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We all hope to be more persuasive, whether we’re selling, seducing, lobbying, advocating, preaching or parenting.

As a professional communicators, persuasion is the most important skill you can develop.

If you can’t persuade, you’ll never get anyone to understand what you have to offer and buy into your ideas.

In Robert Cialdini’s new book, Pre-Suasion: A Revolutionary Way to Influence and Persuade, he explains not just how to persuade others, but how to prepare people – or make them ready – to be persuaded.

“The basic idea of pre-suasion,” Cialdini says,” is that by guiding a listener’s preliminary attention strategically, it’s possible for a communicator to move recipients into agreement with a message before they experience it.”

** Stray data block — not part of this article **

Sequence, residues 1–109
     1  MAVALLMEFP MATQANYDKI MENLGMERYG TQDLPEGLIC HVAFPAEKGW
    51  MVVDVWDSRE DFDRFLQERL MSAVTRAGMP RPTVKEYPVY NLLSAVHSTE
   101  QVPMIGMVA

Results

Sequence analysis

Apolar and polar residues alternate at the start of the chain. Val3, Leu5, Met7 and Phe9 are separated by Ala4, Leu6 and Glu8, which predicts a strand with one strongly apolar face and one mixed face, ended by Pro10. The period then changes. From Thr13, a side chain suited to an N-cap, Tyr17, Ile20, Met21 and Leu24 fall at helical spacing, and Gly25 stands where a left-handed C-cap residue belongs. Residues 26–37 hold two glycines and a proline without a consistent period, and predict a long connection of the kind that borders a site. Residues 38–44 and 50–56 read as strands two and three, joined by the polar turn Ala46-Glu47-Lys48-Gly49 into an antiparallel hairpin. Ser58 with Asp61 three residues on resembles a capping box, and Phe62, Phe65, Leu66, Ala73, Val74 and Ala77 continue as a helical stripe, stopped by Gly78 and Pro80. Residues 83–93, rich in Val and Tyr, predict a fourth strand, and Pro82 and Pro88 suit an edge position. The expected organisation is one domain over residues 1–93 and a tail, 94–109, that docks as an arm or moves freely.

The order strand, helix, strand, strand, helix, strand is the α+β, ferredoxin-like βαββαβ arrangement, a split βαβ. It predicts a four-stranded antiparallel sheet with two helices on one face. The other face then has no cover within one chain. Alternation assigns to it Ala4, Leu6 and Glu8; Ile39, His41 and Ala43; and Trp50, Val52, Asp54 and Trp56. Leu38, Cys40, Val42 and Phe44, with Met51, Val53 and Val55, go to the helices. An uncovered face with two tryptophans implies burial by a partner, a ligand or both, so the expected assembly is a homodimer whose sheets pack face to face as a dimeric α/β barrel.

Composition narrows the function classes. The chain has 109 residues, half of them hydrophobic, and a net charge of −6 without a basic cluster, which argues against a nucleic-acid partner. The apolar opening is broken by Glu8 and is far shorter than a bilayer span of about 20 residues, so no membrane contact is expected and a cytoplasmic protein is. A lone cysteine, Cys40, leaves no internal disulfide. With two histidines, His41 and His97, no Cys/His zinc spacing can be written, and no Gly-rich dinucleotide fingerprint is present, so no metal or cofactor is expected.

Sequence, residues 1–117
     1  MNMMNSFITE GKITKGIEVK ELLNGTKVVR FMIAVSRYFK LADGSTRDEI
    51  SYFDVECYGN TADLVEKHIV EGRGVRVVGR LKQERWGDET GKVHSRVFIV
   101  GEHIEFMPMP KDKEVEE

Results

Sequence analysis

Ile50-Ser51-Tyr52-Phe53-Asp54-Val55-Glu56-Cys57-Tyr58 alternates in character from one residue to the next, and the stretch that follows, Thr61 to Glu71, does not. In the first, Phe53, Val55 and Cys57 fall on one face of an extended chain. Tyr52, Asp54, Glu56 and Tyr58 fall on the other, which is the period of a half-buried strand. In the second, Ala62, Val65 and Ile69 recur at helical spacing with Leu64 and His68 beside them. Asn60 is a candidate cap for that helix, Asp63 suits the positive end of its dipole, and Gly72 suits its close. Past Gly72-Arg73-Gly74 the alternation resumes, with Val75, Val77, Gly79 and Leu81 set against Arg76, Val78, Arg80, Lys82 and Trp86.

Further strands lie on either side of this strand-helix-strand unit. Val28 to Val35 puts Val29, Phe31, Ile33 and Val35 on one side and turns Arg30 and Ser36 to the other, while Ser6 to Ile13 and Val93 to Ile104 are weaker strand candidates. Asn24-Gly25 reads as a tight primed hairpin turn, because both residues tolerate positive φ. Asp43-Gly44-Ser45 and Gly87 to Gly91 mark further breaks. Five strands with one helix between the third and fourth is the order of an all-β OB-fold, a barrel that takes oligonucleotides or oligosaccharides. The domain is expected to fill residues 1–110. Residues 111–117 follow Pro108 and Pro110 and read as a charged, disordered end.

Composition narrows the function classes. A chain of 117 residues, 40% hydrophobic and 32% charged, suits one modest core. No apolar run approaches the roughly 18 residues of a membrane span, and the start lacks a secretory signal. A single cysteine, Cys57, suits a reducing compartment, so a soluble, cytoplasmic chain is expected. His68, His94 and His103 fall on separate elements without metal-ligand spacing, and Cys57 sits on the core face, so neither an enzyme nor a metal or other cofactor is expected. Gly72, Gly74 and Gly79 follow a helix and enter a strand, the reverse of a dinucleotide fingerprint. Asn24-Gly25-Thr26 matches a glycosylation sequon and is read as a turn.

The goal is to lay the groundwork, through strategic gestures and messages of association and affiliation. If you want someone to feel warmly toward you, he says, “hand them a hot drink.”

The book is a prequel to Cialdini’s 1984 classic, Influence: The Psychology of Persuasion, on why people say “yes.” No other book has been as influential – er, persuasive? – about the techniques for gaining agreement.

In Pre-Suasion,” Cialdini draws on years of experimental evidence that supports the idea that “the psychological frame in which an appeal is made” matters more than the merits of the offer itself.

Carol Tavris reviews Cialdini’s new book in today’s Wall Street Journal.

By the way, today happens to be Tavris’ birthday. Best wishes to an insightful, eloquent and influential social psychologist and feminist!

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